Incoming University of Michigan student Om Pattabhi shares his story on being left on the streets of India at age 6 and the hardships he faced while finding a place to call home.
By Om Pattabhi
First SEEN on The Indian Scene
I don’t know why she did it. I was too little to remember; I just know that she did. She left me in the middle of nowhere, with no money, no belongings and no one to turn to. At the age of 6, I had been abandoned by my own biological mother, left on the streets of India, all alone. It took me a few days to realize she was not coming back. Fear, hunger, anger and incredible loneliness are what I remember today. I starved for days and sometimes weeks. Getting a meal became very challenging. Finding a safe place to sleep was never easy.
I lived on the streets, begging for food. Some people were kind. Some were violent and angry. A good day would be a street vendor taking mercy on me and giving me some fruits or finding a tree in someone’s yard with fruits. I would steal the fruits and run and hide. Sitting on a sidewalk next to a giant water fountain and eating sweet mangoes is an image I remember so vividly, because it was one of the things that gave me a lot of joy. I was beaten by a street gang and left bloody and bruised. With no access to medical care, I limped along and still have three dysfunctional fingers on my left hand. I see them every day, as a reminder of where I came from. From then on, my only concern was making it out alive another day. Weeks went by until a woman took pity on me and decided to give me shelter in her little hut in the slums. She gave me rice for meals and a roof over my head, even if it was just a tin roof secured by thin wires. I felt safe and cared for by her, and for me, that was enough.
Then one day she took me to the home of a couple and left me there. I was there for several months. The man of the house was a very heavy man. He left every morning and came back in the evening. The woman gave me chores and asked me to leave in the mornings and come back in the evenings. In that time I saw many men visit her — it wasn’t until I was much older that I realized how she made a living. Often, the couple would go to festivals and things, leaving me right outside the home, bored and with nothing to do but to wait for them to come back so I could go inside and rest. I did everything I could for the family. I had a home and food to eat and a place to sleep, most of the time. After some time, the couple could no longer afford to take care of me and took me back to my original caretaker.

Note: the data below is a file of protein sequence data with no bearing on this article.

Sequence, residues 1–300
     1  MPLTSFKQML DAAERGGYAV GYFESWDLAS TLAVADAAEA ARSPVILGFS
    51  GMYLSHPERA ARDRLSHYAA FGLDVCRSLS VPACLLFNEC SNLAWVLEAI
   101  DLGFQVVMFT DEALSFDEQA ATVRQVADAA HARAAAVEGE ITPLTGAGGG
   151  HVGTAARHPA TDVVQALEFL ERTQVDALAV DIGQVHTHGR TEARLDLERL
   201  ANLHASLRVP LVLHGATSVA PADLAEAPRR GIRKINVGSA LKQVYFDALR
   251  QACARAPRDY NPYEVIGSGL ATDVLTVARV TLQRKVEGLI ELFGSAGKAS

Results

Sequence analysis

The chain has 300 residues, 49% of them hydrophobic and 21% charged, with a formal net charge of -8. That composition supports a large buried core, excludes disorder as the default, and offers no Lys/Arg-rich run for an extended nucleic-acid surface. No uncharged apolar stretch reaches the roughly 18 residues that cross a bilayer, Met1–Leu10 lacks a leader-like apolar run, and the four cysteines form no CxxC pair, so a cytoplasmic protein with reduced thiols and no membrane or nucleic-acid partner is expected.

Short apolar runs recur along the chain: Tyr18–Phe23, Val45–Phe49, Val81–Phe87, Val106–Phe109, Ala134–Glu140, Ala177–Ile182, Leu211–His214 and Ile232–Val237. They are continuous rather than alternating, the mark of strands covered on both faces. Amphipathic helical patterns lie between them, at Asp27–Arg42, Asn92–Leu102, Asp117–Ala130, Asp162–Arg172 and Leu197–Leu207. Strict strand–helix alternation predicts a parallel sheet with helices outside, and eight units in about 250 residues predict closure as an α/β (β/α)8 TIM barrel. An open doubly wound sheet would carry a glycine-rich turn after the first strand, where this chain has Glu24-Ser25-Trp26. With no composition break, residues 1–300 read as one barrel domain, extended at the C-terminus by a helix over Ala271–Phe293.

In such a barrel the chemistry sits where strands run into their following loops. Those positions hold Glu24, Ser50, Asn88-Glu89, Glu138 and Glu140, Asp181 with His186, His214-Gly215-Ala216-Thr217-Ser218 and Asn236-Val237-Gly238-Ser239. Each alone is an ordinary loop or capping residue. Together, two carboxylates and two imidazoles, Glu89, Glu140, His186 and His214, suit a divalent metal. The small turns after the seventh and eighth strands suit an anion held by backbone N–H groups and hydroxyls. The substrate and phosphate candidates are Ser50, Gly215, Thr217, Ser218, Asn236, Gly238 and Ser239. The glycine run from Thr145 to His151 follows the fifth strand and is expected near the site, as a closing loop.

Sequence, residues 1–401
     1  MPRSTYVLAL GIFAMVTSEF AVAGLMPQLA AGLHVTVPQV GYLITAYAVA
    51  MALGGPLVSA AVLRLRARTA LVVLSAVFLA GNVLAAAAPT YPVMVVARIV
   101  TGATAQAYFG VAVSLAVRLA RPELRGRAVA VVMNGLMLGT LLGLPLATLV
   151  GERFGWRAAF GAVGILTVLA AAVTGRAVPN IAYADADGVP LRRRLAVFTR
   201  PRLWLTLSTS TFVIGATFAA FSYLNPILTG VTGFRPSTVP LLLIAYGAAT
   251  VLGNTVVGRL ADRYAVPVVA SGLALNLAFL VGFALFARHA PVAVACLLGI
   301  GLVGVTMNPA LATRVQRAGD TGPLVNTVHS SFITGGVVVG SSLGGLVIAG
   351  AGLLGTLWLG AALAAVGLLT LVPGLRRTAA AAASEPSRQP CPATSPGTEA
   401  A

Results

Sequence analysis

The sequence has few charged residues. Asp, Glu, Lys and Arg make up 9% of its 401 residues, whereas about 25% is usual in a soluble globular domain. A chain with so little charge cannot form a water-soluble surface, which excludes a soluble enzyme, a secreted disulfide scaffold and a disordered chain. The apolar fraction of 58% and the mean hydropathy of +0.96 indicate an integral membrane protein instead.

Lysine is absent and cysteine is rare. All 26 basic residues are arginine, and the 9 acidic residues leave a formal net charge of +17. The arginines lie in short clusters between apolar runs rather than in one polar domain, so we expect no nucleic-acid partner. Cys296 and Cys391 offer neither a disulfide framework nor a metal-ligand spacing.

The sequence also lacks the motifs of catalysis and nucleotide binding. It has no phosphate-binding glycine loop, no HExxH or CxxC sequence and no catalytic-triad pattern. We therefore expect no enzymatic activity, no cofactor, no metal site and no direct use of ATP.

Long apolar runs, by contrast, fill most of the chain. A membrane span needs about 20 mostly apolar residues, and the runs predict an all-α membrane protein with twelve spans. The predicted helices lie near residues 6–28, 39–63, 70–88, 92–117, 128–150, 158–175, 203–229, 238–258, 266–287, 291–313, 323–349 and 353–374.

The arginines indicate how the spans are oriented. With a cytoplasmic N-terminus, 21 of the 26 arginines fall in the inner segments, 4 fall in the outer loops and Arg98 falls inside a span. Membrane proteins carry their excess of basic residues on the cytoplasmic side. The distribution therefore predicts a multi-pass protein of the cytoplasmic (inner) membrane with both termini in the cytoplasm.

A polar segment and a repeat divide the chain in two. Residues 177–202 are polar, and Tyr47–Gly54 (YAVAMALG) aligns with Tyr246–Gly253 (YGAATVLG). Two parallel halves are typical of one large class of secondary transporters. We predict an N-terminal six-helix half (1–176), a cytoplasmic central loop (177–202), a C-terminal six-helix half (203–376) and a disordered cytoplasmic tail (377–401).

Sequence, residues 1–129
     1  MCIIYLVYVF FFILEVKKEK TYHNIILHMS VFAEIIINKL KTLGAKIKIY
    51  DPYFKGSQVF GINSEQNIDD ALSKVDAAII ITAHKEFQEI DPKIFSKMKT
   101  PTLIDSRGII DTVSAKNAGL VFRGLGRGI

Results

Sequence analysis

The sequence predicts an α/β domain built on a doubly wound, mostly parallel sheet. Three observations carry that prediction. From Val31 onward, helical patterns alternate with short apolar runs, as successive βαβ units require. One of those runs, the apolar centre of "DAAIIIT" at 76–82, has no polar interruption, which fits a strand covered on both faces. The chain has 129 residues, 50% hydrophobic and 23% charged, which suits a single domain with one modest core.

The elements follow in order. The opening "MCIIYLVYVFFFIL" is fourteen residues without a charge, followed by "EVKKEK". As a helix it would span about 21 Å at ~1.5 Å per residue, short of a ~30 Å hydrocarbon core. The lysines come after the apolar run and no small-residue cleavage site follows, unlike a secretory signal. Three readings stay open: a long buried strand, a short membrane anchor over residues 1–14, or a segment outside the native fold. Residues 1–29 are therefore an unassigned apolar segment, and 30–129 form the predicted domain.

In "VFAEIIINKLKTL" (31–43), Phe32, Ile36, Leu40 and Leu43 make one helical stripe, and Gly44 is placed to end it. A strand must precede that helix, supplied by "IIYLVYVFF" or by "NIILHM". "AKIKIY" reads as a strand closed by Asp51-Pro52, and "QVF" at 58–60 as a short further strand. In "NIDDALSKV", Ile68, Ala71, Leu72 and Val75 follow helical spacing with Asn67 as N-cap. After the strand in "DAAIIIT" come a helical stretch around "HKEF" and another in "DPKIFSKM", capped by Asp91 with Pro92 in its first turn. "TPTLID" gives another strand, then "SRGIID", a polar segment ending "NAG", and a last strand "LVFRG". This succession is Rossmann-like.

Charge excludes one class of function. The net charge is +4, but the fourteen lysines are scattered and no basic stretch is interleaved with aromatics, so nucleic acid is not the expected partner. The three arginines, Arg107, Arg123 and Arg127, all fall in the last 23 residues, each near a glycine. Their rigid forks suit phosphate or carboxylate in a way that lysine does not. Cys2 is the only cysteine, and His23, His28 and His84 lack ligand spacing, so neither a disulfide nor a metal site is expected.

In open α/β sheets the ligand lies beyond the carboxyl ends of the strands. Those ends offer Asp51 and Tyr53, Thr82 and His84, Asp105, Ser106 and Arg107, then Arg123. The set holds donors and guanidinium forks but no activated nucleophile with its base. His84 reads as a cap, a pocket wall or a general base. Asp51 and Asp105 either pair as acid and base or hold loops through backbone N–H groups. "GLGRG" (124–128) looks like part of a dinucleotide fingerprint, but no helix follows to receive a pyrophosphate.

I was then taken to another home where a mother and two sisters lived. This mother hardly ever gave me food. She had a huge vegetable garden, but she would force feed me flower petals. At night she made me sleep by the gate of the house on a concrete patio with no blanket to keep me warm. The sisters put peppers in my eyes and hit me with a stick. There were many such things done to me by the three of them. I didn’t understand why. I still have scars from injury to my scalp. At one point I had a deep cut, six inches long on my right leg, eventually developing into a severe infection that almost took my life, the scars from which still exist. The caretaker found out about the infection and all of a sudden I found hundreds of people surrounding me. I was taken to a doctor who stitched me up without anesthesia. I screamed in excruciating pain while all these people stared at me. In front of these people, all of a sudden, the mother and three sisters were so sweet to me. That day she gave me the best meal that I had ever had in her home. I was then again taken away by my original caretaker.
My caretaker promised to take me on a train ride to a city. I was so excited for my first time on a train, to enjoy the sights and sounds of the city. She told me to wait in my seat while she got off to get some water. I waited for what seemed like forever, but she never returned. This could not be happening to me again. I was so shaken I didn’t even realize when the train left or where it stopped. Once everyone got off, I sat there without a clue what to do. I told the ticket collector what had happened. Thankfully, he took me to the police station in New Delhi, my apparent destination. My next stop was an adoption home somewhere in the city.
The orphanage had hundreds of kids. It was a safe place where we were given two meals a day, clean clothing, and a place to sleep, but not much else. If we asked for more food or did something wrong, we would be taught a lesson. But they did make sure we were healthy.
While in the orphanage, I saw couples come looking to adopt a child. Almost always it was the little babies who were chosen. Every time someone came, I prayed that I would be chosen next. At some point, I lost hope and resorted to believing that I would spend most of my life in the orphanage. Thankfully, I was wrong. A year or so later, I got news that a family was interested in adopting me. When I was shown an album with photos of my adoptive family, I burst with joy knowing that soon I would have a mom, dad, and two sisters to call my own. In the album, my little sister to-be looked so cute and chubby. I was so excited to play with her. The older one looked just as old as me. I hoped that she would like and accept me as her brother. Looking at that album everyday is what kept me going for another year in the orphanage, until my adoption came through.
To read the full story, visit theindianscene.com.